Peek & Cloppenburg (Düsseldorf) further submitted that, even if Peek & Cloppenburg (Hamburg) had such a right, it had tolerated the co-existent use of the later mark for more than five consecutive years and, therefore, had forfeited its right to claim prior rights under Article 21 MarkenG.

With regard to this point, the court stated that it was not impossible that, in certain cases, the co-existence of similar signs can reduce the likelihood of confusion. Such eventuality, however, could be considered only if Peek & Cloppenburg (Düsseldorf) had provided at least sufficient evidence that the co-existence in question occurred because the relevant public did not consider the signs as confusingly similar. In the present case, though, Peek & Cloppenburg (Düsseldorf) had not provided evidence that the signs had co-existed in Germany. In addition, it had certainly done nothing to prove that the co-existence of the signs occurred because there was no likelihood of confusion.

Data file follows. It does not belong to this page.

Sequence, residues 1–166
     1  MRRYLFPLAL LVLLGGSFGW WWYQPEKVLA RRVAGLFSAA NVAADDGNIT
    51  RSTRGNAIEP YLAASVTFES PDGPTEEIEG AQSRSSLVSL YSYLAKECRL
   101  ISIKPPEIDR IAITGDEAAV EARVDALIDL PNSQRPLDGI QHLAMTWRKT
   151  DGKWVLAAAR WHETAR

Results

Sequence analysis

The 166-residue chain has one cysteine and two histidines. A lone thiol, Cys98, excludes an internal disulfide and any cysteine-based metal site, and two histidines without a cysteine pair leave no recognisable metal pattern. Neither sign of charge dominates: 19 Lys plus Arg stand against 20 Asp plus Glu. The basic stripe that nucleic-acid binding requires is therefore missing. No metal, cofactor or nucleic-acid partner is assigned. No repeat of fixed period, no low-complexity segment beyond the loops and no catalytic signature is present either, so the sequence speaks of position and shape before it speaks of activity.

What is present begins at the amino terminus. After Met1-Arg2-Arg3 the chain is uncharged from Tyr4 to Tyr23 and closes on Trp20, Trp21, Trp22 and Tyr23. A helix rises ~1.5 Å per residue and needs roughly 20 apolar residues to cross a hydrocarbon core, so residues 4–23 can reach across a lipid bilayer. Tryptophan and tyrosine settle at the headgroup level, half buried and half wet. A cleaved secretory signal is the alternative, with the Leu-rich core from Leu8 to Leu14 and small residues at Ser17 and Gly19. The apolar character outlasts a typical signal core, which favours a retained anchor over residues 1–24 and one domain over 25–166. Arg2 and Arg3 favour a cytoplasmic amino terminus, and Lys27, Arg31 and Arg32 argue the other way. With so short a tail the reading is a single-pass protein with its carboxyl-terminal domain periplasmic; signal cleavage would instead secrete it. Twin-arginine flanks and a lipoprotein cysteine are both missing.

In this context, the court further held that Article 21 MarkenG governs the relationship between an earlier mark or business name and a later mark, which has been registered for a period of five successive years. If Peek & Cloppenburg (Düsseldorf) wished to successfully rely on Article 21 MarkenG, it would need to prove an existing registration for at least five consecutive years, which was contradictory for a mark that was only more recently applied for. Therefore, the assertion of Article 21 MarkenG was without merit.